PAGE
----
The television remained on, despite the empty couch. Anita, on the balcony, was shouting over the phone waving her hands, as though she wanted to prove her innocence, even physically, to a person in front of her. While sobbing, she kept on repeating that she was angry too, that she was very sorry. She had to believe her; they would have sworn to her. Between thoughts and excuses she had invented on the spot, she lowered her voice. Now she only said, “Yes, this is right. Yes, you warned me, mum; I am sorry”. Valerio, sat at the living room table, was turning his back to the television set, looking at the clock near the bookcase. One ear was listening to the news headlines. The other one was hearing his wife screaming, first; the soft whispering, later. The hands seemed to slow down, exhausted by the time spent during the week. The minute hand finally completes the turn after a lot of effort. It is two o’clock on the dot. Valerio gets up, takes his jacket and, within seconds, the dog (called Mammoth because of its abnormal size) hangs around his legs, wagging its tail. Valerio puts the collar on the dog and, when he looks through the window, he sees Anita crying and, grumbling, opens the door wide and slams it. Now he can breathe some fresh air. Down the stairs, he thinks how right he was to refuse his mother-in-law’s lunch. Once on the second floor, he wonders how long it has been since he has even had the desire to touch his wife. On the ground floor, he realized the imminent end of his marriage, the humiliating work contract he had just accepted to make his wife and mother-in-law happy (of that marriage which is about to end) and the fact that all this does not bother him much anyway. Once at the gate, he realized that not only does all this not bother him that much, but also, he does not care about it. Greetings to the neighbor, a smile to another passer-by with the dog, followed by the moment of embarrassment when the two animals sniff each other. He finally arrives at the park, right on time, like every Sunday, at a quarter past two. He sat on the usual bench, throwing the usual red ball to the dog. The idea of change stresses him; the idea of his wife who moans on the balcony irritates him; the idea of an unpleasant job fortifies him in his utter indifference. With his eyes on Mammoth, Valerio keeps on being thoughtful, bored. “You have a really nice dog, do you know that?”. The young boy smiles, waiting for some kind of gratitude. Valerio shrugs his shoulders and with half a smile, replies, “It is a normal dog”. The young man starts playing with it. Valerio looks at the situation and he is amused. The boy then sits down next to him. He takes out his mobile phone and follows the news. With his thumb and forefinger, he zooms in on the screen, saying something like: “Let me see how we’re doing…” and then admits in a louder voice: “This Sunday is not like any other”. Valerio turns around: quarrel with his wife, walk with the dog and discomfort. Perhaps is he talking about the weather? Yet, it is a spring day in step with the season. This is just like any other Sunday for him. He just has to hurry up home before the football matches start.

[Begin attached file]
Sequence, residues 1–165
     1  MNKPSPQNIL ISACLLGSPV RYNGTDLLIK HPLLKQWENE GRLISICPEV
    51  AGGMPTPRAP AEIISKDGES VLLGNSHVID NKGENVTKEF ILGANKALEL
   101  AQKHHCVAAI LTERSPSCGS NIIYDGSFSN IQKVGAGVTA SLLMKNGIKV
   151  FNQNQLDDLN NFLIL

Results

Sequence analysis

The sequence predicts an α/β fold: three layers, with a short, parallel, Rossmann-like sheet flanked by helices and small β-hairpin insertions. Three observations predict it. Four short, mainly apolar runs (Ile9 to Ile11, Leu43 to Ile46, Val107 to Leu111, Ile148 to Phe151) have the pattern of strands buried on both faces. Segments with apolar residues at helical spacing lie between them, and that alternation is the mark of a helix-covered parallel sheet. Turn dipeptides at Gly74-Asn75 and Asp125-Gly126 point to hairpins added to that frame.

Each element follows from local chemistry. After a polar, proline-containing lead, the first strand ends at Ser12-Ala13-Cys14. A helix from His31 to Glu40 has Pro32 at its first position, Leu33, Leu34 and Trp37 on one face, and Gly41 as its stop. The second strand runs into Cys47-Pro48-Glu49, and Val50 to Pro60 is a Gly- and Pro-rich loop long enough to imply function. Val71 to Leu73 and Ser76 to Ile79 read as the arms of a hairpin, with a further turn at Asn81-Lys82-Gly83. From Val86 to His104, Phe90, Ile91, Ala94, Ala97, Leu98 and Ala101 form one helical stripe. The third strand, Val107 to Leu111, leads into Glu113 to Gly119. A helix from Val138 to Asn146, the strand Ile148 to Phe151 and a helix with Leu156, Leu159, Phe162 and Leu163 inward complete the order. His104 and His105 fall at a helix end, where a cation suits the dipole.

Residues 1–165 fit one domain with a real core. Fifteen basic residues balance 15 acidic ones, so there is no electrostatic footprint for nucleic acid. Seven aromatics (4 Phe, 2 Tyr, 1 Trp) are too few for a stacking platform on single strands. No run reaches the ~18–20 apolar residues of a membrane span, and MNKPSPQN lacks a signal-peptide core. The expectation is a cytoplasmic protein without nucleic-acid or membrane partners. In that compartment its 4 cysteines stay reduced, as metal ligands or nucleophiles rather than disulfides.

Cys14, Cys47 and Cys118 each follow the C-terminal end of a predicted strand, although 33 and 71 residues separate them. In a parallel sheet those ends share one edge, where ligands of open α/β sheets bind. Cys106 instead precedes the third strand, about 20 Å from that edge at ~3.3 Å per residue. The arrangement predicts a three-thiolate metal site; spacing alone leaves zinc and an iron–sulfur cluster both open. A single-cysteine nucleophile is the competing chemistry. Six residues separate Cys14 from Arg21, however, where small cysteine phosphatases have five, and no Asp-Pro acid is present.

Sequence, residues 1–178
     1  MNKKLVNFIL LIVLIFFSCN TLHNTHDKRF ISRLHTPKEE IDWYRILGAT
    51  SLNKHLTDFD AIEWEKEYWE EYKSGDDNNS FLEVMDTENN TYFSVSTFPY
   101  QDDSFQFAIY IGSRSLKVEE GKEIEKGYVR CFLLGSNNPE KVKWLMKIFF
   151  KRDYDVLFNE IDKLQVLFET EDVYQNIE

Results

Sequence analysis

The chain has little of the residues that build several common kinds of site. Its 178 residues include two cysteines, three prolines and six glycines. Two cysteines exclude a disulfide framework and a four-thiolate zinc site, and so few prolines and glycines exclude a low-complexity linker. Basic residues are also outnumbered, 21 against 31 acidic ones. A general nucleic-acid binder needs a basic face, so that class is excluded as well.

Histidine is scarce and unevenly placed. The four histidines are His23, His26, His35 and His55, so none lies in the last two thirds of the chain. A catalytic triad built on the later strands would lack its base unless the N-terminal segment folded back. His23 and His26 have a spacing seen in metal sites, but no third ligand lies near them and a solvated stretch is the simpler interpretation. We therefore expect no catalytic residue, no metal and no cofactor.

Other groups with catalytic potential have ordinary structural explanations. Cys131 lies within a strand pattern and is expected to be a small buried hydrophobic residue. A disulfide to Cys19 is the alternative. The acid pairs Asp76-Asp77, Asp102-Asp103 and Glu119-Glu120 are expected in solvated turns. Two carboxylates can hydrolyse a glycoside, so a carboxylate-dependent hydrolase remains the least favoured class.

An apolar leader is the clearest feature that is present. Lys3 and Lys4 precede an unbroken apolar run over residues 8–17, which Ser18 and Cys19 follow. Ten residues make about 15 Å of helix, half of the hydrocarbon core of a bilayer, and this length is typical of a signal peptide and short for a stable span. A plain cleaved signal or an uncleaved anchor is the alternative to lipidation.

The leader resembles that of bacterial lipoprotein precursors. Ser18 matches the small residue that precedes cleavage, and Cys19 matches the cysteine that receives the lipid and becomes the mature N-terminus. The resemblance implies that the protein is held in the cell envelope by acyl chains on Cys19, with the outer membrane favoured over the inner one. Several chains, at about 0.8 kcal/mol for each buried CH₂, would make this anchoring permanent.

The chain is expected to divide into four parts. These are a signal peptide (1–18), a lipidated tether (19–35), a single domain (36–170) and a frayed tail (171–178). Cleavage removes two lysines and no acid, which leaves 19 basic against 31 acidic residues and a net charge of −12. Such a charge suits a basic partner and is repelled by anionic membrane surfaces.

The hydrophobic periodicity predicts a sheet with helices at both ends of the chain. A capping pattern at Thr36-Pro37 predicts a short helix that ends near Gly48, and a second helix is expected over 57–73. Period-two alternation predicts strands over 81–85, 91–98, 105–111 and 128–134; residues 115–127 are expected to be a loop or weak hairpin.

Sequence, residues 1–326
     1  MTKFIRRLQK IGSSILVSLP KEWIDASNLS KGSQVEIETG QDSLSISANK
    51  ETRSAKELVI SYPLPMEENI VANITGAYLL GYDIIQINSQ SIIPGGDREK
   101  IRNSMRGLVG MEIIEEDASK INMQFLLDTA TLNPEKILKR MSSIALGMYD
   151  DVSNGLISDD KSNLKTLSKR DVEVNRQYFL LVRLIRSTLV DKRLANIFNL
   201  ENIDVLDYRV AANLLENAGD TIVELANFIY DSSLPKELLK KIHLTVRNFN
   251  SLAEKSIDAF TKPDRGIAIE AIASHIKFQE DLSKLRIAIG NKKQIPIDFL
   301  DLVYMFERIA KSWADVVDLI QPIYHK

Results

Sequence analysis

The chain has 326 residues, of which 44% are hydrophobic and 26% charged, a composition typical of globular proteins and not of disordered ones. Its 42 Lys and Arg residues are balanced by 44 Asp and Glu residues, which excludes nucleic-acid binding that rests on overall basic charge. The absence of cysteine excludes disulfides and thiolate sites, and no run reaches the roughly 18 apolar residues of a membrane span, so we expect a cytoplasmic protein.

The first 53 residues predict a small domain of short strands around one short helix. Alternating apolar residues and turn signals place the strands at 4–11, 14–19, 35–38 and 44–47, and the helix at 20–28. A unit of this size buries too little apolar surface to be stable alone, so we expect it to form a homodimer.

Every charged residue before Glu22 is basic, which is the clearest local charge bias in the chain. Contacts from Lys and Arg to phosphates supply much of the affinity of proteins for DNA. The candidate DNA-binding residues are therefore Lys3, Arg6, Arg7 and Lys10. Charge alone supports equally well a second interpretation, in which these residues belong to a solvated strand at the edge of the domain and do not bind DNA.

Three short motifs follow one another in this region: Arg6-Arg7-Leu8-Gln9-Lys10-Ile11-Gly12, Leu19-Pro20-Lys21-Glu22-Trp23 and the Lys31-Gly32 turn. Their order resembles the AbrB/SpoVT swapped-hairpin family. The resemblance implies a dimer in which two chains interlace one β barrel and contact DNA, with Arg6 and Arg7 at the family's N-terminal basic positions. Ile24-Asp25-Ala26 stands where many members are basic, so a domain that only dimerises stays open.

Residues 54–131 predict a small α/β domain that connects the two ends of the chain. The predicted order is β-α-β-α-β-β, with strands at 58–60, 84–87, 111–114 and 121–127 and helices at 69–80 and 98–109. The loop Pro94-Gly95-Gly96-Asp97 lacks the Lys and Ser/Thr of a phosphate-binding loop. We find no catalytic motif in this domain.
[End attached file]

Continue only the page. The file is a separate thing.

“Have you ever been there?”. Valerio realizes at that precise moment.
“No, I never go there. Nothing ever changes anyway”.
“Maybe you have to give it a try”.
“What about you? Have you ever been there?”
“No, me neither”.
“Do you see? We are exactly the same”.
“I do not think so. When, after years, I finally manage to receive my voter’s card and I am recognized as an Italian citizen, I will not miss a single appointment, because I will have sworn to be faithful to this Republic”.
Valerio does not speak; he just stares and meanwhile misses the whistle for the start of his team’s match. This is not a Sunday like any other. This is the Sunday on which a man who did not want to go to vote and a man who could not go to vote sat, in the park, in the city-center, on a bench that, on this Sunday at least, should have remained empty.